The formation of inorganic cloud particles takes place in several atmospheric environments including those of warm, hot, rocky and gaseous exoplanets, brown dwarfs, and AGB stars. The cloud particle formation needs to be triggered by the in-situ formation of condensation seeds since it can not be assumed that such condensation seeds preexist in these chemically complex gas-phase environments. We aim to develop a methodology to calculate the thermochemical properties of clusters as key inputs to model the formation of condensation nuclei in gases of changing chemical composition. TiO$_2$ is used as benchmark species for cluster sizes N = 1 - 15. We create 90000 candidate geometries, for cluster sizes N = 3 - 15. We employ a hierarchical optimisation approach, consisting of a force field description, density functional based tight binding (DFTB) and all-electron density functional theory (DFT) to obtain accurate energies and thermochemical properties for the clusters. We find B3LYP/cc-pVTZ including Grimmes empirical dispersion to perform most accurately with respect to experimentally derived thermochemical properties of the TiO$_2$ molecule. We present a hitherto unreported global minimum candidate for size N = 13. The DFT derived thermochemical cluster data are used to evaluate the nucleation rates for a given temperature-pressure profile of a model hot Jupiter atmosphere. We find that with the updated and refined cluster data, nucleation becomes unfeasible at slightly lower temperatures, raising the lower boundary for seed formation in the atmosphere. The approach presented in this paper allows to find stable isomers for small (TiO$_2$)$_N$ clusters. The choice of functional and basis set for the all-electron DFT calculations have a measurable impact on the resulting surface tension and nucleation rate and the updated thermochemical data is recommended for future considerations.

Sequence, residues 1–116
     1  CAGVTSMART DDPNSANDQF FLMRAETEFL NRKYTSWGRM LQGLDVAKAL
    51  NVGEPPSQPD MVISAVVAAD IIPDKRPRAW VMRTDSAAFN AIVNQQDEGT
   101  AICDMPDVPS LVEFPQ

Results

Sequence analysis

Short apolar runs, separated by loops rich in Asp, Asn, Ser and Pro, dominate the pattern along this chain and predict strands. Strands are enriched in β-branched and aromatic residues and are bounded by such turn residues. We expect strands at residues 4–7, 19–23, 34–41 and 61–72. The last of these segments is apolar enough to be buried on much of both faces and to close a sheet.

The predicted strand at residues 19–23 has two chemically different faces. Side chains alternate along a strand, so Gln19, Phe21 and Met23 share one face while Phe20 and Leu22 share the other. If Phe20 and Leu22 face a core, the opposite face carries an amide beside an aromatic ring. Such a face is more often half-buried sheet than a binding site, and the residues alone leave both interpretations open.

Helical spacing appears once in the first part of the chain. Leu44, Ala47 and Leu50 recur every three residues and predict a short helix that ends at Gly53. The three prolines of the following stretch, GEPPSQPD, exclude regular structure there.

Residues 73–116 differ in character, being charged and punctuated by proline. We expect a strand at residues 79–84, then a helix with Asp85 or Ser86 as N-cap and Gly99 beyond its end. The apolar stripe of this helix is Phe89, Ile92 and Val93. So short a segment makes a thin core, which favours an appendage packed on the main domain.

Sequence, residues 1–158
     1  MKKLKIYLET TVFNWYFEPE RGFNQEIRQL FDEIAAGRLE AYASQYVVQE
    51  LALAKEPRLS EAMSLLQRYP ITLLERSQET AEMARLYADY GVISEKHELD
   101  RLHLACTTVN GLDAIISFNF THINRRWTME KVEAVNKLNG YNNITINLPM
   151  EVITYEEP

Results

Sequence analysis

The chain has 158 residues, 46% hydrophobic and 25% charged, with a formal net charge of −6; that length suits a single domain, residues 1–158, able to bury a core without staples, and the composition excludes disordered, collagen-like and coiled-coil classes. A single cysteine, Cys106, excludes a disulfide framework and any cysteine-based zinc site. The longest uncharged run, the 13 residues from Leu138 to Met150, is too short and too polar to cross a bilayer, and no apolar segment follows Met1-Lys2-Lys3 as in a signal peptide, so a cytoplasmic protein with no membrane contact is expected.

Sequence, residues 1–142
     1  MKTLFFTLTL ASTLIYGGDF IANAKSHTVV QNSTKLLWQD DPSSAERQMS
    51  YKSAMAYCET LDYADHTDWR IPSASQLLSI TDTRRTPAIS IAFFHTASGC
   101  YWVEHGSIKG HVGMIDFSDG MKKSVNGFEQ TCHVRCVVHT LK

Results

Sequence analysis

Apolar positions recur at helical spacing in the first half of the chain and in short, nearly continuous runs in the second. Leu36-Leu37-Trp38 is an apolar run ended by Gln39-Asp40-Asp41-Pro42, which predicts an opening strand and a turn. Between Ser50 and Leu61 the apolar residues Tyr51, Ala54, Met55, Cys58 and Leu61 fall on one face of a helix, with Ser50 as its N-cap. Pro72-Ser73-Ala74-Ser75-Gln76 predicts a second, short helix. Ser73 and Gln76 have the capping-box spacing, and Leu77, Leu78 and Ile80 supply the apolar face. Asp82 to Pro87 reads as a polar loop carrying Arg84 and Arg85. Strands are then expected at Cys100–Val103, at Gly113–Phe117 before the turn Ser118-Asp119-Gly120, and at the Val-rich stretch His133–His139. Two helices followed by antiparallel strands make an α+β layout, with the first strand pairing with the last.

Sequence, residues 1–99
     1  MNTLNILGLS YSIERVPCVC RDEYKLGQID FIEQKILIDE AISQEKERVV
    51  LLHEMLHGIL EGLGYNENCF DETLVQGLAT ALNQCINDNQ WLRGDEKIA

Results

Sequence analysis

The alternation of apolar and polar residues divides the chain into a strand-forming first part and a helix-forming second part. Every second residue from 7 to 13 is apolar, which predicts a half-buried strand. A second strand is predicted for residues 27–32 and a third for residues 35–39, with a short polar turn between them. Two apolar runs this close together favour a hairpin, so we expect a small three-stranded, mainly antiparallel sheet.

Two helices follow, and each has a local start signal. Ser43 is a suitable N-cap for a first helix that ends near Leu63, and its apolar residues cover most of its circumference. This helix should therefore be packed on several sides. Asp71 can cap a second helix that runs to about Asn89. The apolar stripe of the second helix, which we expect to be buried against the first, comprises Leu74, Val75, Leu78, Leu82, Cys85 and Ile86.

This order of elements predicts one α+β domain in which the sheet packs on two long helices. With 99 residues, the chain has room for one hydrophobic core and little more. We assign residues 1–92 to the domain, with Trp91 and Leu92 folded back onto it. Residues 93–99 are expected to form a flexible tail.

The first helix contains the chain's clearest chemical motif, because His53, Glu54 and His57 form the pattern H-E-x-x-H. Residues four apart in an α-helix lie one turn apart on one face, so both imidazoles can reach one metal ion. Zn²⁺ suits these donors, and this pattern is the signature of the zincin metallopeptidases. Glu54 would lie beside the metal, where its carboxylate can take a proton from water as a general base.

|Published - 11 Jul 2022